Regardless if the weather is bad, or you can’t/don’t have a grill or smoker, or you want something delicious, packed with flavor, and very easy – these are for you. You can cook amazingly tender, and flavorful ribs indoors!
Here’s what you do…
The Pork (this applies regardless of temperature)
Procuring quality meat is important. Pork is very temperamental – it must be butchered properly, stored properly, and transported properly. Even if it’s sourced from the best pigs, any flaws in the pre-listed categories could ruin the meat.
If you can find Berkshire pork (and can afford it), then by all means get it and invite me over. This pork comes from Berkshire pigs which are a very rare English breed with fewer than 300 sows in existence. Berkshire pork is known for its tender juiciness, flavor and heavy marbling – remember for meat fat (marbling) means flavor. Contact the American Berkshire Association in the US for more information and ordering guides.
For most of us, Berkshire is a bit out of the question. In the DC area, I prefer to head up to Wagshal’s. They have amazing product. Eastern market also has a wide variety of butchers to chose from, however with pork, as does Stachowski Market in Georgetown. However, almost anywhere in the US, you can find Smithfield pork – a company founded in 1936 that delivers quality pork products.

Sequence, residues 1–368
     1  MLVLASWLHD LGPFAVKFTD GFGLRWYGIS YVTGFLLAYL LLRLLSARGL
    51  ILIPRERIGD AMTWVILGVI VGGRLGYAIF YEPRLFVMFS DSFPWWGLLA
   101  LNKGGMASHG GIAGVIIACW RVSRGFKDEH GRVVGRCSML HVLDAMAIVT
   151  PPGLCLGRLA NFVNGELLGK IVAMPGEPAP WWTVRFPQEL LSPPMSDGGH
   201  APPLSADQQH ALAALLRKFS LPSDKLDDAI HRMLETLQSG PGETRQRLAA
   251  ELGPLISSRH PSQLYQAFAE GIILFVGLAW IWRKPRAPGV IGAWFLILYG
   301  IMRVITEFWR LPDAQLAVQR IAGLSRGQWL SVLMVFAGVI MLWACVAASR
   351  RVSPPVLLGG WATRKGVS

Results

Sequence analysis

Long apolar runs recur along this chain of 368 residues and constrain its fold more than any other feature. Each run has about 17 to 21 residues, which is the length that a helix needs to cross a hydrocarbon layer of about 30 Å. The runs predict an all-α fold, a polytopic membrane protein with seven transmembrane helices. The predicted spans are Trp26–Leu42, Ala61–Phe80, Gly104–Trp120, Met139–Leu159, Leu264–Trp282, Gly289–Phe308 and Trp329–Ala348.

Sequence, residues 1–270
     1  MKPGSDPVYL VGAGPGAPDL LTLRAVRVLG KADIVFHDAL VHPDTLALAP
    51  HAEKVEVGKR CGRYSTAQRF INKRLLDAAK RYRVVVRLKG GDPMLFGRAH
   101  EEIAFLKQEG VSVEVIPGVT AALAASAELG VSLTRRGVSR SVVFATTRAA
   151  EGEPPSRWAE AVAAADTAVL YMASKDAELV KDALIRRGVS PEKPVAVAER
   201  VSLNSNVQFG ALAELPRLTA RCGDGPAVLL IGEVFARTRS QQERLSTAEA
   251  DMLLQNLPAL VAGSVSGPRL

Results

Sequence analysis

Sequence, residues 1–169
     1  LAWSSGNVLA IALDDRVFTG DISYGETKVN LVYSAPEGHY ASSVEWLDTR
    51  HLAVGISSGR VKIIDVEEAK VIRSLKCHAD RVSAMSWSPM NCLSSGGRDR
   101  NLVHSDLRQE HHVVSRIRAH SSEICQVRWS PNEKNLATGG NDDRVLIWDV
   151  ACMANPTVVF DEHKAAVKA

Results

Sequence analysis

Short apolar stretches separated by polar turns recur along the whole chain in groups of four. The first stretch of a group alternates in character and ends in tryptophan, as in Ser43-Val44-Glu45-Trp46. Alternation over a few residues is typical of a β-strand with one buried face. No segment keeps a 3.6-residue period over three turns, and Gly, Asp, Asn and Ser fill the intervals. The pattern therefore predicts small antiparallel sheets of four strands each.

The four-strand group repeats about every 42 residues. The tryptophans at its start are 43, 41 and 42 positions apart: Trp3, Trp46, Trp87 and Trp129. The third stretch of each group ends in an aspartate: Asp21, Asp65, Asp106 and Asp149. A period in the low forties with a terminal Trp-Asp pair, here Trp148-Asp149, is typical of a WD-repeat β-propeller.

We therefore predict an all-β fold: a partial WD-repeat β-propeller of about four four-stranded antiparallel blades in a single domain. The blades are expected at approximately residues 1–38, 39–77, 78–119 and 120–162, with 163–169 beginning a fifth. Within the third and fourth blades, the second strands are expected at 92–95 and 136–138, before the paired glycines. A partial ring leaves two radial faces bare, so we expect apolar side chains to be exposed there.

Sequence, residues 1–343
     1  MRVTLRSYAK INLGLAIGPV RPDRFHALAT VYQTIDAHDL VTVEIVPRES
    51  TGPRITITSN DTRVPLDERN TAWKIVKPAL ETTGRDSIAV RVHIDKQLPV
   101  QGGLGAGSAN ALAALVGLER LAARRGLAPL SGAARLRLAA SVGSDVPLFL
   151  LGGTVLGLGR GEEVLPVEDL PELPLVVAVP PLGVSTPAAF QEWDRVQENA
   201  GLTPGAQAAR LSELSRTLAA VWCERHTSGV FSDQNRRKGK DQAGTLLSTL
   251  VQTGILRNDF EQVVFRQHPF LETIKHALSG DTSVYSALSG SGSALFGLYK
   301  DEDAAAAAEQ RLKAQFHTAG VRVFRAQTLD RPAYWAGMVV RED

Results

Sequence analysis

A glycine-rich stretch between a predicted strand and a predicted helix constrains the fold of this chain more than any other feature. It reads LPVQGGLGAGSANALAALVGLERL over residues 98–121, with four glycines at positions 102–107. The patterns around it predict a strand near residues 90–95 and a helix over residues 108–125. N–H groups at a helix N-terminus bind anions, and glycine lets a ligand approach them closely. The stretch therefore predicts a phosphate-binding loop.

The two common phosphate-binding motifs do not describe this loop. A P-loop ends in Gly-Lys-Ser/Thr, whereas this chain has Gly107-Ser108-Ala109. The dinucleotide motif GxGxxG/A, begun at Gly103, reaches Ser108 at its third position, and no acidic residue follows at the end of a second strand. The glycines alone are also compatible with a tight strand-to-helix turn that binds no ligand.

For this style of cooking, you want baby back ribs (or loin ribs). These are taken from the top of the rib cage between the spine and the spare ribs, just below the loin muscle. They’re a bit meaty than spare ribs, and smaller in size. A typical rack should yield 10-13 ribs (bones). If buying from a butcher and your rack has 10 or less bones, that’s known as a “skim” or “cheater” rack. You are well within your right to ask for a discount or demand a larger rack.
Always begin by rinsing the ribs off with cold water. Then, flip them over so the curved side (less meaty side) is facing up. You will see a layer of thin skin; this is the membrane and must be removed prior to cooking. To remove, slide a thin, preferably flexible boning knife along the bone to get under the membrane.
Tilt the knife handle up keeping the point against the bone to pry some of the membrane away from the bone. Then, work your fingers under the membrane and pull. It might take a few tries, but it’s worth it. If you don’t or can’t remove the membrane, your guests will have to bite, gnaw, and otherwise tear through it with their teeth as it firms up once cooked.
Here’s where things can get a bit contentious. Being from Southeastern North Carolina, I have witnessed physical altercations that started with a simple discussion about seasoning ribs. I support fighting over meat…but usually for who gets the last rib. However, if you do find yourself coming to fisticuffs around ribs, the cooked bones break and splinter easily and might make a nice prison shank.